It can sometimes be difficult and embarrassing to talk about sexually transmitted infections (STIs) or ask for advice on how to prevent getting an STI. Stigma Health knows this, and that’s why we’re here! While we’re more than happy to help you get tested, the best advice we can give you is that “prevention is better than a cure” – particularly when some STIs can’t be cured.
The most effective STI prevention strategy is total abstinence – i.e., don’t have any intimate or sexual contact with another person, at all… ever. But where’s the fun in that?!
Most people would agree that it’s impractical and unfulfilling to completely forego physical intimacy in order to prevent getting an STI, so read on for more practical STI prevention strategies.
Use barrier protection (condoms and dental dams) and a water-based lubricant whenever you’re physically intimate with someone, especially if you’re not completely certain your relationship is mutually exclusive.
However, while barrier protection is very effective for prevention of most STIs, if they break or are used incorrectly, they’re rendered useless. Additionally, there are some STIs (like herpes (HSV), syphilis and genital warts (HPV)) that male and female condoms can’t protect against, because they cover only the shaft of the penis or inside of the vagina, and don’t protect the scrotum (ball sack), perineal (around the vagina or base of the penis, through to the anus) or perianal areas (around the anus).
Moreover, while you might take a condom with you on a night out, it’s less likely you throw a dental dam or latex glove in your pocket or handbag. Point being, we don’t always have adequate protection with us, so if you can’t practice safe sex 100% effectively, 100% of the time, it’s safest to not have sex.
According to one survey, 26.3% of Australians have had over 20 sexual partners in their life, and 71.1% have had 1 to 5 partners in the last year alone. If we were practicing 100% effective safe sex every time we had sex these numbers might not be that bad but, according to another survey, an average 61% of Australians have reported having unprotected sex without knowing their partner’s sexual history, and 16% have admitted to having an STI at some point.
Obviously, the fewer people with whom you have intimate or sexual contact, the less likely you are to come into contact with an STI. In the same way that social distancing and limiting your social contacts can help reduce the spread of viruses like COVID-19, limiting your sexual contacts can help reduce the spread of STIs.
For women especially, limiting their number of sexual partners can decrease their risk of cancer. A 2012/13 scientific study showed that women who had 10 or more sexual partners during their lifetime were 91% more likely to be diagnosed with cancer than those who had one partner or none. This is possibly because the link between certain STIs and cancers is stronger in women, e.g., HPV and cervical cancer.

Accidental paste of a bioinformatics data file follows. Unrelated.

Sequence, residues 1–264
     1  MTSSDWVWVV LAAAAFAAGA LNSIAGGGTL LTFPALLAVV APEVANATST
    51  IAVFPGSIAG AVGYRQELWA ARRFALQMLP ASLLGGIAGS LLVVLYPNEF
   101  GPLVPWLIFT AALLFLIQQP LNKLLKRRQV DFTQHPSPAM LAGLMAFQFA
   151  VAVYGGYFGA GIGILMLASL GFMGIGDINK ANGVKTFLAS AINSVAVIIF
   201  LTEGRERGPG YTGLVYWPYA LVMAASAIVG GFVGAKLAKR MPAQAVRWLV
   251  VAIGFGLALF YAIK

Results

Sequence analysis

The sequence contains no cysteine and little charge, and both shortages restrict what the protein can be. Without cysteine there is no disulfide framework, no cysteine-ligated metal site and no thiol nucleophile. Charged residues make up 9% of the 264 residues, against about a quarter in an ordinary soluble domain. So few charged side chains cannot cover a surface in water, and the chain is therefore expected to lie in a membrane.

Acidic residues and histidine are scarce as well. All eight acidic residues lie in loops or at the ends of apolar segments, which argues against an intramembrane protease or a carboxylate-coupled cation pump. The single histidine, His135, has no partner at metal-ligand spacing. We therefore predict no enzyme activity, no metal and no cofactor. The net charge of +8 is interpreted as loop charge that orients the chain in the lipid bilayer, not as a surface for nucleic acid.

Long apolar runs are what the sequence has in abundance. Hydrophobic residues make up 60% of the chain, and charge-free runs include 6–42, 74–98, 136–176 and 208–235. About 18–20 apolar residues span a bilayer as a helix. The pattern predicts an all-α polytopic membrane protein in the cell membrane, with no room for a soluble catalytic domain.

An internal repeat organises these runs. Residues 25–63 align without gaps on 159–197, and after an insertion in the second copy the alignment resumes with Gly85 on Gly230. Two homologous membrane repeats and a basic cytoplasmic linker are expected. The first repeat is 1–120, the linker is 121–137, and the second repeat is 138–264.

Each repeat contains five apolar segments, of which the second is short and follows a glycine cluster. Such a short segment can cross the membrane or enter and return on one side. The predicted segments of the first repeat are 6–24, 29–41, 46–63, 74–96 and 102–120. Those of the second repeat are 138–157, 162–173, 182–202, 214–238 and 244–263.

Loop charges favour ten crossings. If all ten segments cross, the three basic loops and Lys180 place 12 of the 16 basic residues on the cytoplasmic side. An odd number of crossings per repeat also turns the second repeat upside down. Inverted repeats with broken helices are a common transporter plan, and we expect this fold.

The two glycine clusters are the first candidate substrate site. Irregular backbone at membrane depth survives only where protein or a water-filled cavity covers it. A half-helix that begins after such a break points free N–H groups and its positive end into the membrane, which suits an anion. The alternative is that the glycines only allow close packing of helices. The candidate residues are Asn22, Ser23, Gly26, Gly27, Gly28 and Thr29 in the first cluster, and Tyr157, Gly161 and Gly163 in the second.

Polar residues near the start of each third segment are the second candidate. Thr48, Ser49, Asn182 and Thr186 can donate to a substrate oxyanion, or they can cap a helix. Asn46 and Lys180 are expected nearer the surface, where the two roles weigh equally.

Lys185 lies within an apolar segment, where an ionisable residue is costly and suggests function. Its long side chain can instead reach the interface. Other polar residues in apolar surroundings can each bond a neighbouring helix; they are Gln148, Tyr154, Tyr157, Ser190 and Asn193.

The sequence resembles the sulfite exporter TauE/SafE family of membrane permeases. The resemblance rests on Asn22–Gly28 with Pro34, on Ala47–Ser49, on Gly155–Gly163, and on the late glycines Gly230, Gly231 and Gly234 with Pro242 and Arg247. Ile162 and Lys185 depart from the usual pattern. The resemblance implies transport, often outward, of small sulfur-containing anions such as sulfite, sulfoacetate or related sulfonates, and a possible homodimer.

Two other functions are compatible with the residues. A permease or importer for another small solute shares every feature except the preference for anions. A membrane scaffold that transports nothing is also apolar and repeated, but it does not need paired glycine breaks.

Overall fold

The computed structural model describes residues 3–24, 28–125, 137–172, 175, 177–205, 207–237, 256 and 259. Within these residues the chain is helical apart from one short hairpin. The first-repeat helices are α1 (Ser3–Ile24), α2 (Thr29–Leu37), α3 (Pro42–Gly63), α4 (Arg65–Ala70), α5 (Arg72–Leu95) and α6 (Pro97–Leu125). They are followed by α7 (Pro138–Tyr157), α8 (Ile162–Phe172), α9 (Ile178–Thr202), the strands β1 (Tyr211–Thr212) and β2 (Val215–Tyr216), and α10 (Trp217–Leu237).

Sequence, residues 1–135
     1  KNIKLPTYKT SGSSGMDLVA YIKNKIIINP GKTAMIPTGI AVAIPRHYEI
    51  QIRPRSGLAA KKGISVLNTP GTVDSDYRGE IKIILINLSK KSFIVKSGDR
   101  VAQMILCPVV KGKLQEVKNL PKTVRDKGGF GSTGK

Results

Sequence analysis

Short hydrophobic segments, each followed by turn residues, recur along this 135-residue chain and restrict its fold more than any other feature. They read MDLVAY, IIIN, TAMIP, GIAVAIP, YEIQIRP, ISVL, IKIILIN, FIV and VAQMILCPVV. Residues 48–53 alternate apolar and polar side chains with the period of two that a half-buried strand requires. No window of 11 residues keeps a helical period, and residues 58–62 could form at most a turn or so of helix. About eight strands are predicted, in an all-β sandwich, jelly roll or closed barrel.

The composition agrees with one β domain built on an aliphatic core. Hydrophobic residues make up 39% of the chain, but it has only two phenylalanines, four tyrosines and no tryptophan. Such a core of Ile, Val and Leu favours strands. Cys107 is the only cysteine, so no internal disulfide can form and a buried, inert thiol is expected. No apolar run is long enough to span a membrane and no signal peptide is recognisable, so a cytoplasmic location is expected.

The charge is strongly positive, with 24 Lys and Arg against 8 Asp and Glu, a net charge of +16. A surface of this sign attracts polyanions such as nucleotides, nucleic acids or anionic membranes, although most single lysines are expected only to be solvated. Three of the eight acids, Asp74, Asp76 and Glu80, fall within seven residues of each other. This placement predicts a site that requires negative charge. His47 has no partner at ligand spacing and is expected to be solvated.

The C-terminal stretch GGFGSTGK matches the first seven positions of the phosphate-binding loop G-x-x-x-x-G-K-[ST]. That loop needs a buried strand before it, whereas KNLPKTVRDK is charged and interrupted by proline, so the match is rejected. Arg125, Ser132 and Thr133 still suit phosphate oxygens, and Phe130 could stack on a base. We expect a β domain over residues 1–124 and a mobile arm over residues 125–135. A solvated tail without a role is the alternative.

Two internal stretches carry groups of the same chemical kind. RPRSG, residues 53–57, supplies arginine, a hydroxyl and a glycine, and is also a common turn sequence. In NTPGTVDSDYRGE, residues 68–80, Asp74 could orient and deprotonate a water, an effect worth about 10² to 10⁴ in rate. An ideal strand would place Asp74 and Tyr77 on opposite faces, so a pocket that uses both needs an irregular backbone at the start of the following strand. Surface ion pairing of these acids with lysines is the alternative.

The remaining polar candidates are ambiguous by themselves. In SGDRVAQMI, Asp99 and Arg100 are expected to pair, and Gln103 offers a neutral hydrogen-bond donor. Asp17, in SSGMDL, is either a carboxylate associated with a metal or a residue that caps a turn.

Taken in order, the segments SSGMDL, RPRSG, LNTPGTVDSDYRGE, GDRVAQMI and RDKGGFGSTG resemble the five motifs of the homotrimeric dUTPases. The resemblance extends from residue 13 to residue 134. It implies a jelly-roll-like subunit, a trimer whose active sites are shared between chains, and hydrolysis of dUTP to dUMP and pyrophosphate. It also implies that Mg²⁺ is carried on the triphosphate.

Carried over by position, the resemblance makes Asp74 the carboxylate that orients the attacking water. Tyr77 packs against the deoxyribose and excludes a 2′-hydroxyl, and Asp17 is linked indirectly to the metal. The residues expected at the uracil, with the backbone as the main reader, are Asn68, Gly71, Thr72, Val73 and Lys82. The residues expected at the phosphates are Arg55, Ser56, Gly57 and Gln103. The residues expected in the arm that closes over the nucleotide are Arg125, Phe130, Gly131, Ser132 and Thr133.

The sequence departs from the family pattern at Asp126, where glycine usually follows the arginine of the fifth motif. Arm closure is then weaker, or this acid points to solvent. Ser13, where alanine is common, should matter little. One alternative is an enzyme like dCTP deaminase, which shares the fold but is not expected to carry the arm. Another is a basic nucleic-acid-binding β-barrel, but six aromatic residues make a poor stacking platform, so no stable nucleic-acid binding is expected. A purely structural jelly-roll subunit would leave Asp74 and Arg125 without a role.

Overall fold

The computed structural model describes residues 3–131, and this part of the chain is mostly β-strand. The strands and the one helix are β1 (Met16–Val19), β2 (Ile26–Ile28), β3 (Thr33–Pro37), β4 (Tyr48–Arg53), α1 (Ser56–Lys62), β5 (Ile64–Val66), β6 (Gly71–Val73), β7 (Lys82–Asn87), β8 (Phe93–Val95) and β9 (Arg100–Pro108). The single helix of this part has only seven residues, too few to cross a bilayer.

While many STIs cannot be vaccinated against, there are a number that can:
Talking about our sexual health and history with a new partner can be daunting, and it may be a difficult topic to broach with someone we haven’t known for long – even if we’re starting an exclusive relationship that we intend to be long-term.
It can also be awkward having that discussion with a “friend with benefits”, even if we’ve known them for a while, and let’s face it, we’re unlikely to have that discussion in the heat of the moment with a “one night stand” (even if they end up becoming more than that).
It takes courage and a certain level of self-confidence, comfort and trust to be completely open and honest about our sexual health and history, but it’s definitely a worthwhile discussion to have. To prevent STIs we need to become more comfortable talking about safe sex practices and discussing our sexual histories before we’re intimate with someone, and it’s better to have the discussion beforehand than to find out later that you have an STI and need to contact past partners to let them know.
Regular STI testing should definitely be part of your STI prevention arsenal, even if you practice safe sex most of the time. Some STIs don’t show any physical symptoms so, if you have unprotected sex, it’s important not to assume you don’t have an STI.
If you’re sexually active it’s recommended you get an STI check every 12 months, and if you have an increased number of sexual partners it’s recommended you have more frequent checks.
We are an online healthcare service that aims to make your life more convenient by eliminating the barriers like embarrassment and inconvenience, which often prevent people from undergoing simple medical tests. We started with STIs because they are a serious problem in Australia and are for the most part easily tested for and treated, but we will be expanding our service offering soon so stay tuned!